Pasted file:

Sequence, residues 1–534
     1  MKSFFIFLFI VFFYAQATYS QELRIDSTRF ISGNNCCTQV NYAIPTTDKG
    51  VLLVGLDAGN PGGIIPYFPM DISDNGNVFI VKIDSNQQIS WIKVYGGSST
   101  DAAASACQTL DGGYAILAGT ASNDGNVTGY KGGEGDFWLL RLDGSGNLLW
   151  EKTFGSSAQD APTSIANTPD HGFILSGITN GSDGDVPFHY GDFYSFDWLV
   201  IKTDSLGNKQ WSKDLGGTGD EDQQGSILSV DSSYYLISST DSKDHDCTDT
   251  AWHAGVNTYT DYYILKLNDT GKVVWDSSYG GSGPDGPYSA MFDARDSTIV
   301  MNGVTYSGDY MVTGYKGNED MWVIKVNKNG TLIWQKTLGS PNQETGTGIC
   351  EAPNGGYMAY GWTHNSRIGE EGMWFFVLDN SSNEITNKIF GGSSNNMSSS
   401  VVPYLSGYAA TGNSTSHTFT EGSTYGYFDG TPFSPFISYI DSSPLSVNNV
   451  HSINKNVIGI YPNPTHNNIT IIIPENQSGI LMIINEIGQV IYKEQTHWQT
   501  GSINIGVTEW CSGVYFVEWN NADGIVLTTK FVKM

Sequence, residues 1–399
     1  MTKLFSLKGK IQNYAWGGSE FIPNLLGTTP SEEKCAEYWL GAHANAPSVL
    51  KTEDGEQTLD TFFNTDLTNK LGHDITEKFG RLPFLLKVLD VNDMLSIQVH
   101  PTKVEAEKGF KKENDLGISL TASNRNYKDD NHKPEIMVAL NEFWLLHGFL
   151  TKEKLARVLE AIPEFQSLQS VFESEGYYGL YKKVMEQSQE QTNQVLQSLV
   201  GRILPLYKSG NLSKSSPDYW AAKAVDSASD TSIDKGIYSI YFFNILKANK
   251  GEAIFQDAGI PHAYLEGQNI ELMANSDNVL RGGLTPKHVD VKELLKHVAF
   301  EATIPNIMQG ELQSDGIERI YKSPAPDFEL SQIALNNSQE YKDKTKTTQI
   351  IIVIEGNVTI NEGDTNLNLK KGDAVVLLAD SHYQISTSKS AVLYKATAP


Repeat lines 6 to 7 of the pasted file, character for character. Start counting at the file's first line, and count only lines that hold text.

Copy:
   201  IKTDSLGNKQ WSKDLGGTGD EDQQGSILSV DSSYYLISST DSKDHDCTDT
   251  AWHAGVNTYT DYYILKLNDT GKVVWDSSYG GSGPDGPYSA MFDARDSTIV